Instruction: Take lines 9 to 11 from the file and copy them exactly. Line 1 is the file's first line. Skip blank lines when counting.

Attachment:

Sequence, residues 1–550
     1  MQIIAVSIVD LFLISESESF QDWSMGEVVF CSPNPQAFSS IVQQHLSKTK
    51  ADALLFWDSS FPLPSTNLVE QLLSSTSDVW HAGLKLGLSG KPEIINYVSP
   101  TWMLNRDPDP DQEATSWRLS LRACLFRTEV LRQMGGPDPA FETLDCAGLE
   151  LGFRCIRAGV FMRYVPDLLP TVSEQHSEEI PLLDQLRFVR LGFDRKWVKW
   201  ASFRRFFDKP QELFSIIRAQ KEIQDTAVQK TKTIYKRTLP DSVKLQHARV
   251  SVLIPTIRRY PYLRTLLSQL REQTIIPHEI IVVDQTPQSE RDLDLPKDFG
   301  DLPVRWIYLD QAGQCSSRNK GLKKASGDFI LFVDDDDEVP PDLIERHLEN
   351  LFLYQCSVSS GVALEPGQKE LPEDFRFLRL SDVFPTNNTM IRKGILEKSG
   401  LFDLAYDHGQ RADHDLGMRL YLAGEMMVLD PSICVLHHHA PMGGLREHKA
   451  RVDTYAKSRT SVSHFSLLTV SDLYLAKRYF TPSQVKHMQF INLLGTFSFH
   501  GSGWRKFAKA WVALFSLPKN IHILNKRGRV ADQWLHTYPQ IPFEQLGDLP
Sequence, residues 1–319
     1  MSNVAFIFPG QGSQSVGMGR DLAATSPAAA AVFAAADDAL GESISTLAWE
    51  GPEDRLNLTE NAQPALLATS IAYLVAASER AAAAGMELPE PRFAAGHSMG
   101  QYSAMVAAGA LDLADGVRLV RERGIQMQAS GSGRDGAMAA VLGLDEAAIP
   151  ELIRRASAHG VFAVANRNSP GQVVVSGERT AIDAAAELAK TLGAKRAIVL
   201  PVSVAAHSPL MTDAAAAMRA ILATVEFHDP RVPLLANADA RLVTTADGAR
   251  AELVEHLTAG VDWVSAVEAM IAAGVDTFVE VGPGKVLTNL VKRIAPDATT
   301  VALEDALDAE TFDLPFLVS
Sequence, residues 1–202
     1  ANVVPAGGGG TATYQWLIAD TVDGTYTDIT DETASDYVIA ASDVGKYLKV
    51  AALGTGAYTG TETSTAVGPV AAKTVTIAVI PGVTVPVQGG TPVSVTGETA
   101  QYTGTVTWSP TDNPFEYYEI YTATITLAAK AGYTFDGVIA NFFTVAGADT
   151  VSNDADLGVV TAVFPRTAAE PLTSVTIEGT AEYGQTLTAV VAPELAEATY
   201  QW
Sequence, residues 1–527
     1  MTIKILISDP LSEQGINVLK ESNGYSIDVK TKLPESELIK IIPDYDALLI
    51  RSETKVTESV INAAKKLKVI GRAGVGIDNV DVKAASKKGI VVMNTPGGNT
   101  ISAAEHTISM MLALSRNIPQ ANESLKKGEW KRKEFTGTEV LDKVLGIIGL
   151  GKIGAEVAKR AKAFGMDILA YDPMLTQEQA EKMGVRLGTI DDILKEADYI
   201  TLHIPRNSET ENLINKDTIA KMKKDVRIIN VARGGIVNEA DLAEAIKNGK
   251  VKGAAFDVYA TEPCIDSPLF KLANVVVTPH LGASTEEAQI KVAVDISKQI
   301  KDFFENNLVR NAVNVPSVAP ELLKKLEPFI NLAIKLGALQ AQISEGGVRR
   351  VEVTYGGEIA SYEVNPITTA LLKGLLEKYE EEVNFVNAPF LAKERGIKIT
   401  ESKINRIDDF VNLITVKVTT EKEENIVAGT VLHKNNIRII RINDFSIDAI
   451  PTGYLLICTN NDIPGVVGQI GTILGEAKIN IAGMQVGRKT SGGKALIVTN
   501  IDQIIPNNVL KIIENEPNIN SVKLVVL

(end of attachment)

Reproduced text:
   351  LFLYQCSVSS GVALEPGQKE LPEDFRFLRL SDVFPTNNTM IRKGILEKSG
   401  LFDLAYDHGQ RADHDLGMRL YLAGEMMVLD PSICVLHHHA PMGGLREHKA
   451  RVDTYAKSRT SVSHFSLLTV SDLYLAKRYF TPSQVKHMQF INLLGTFSFH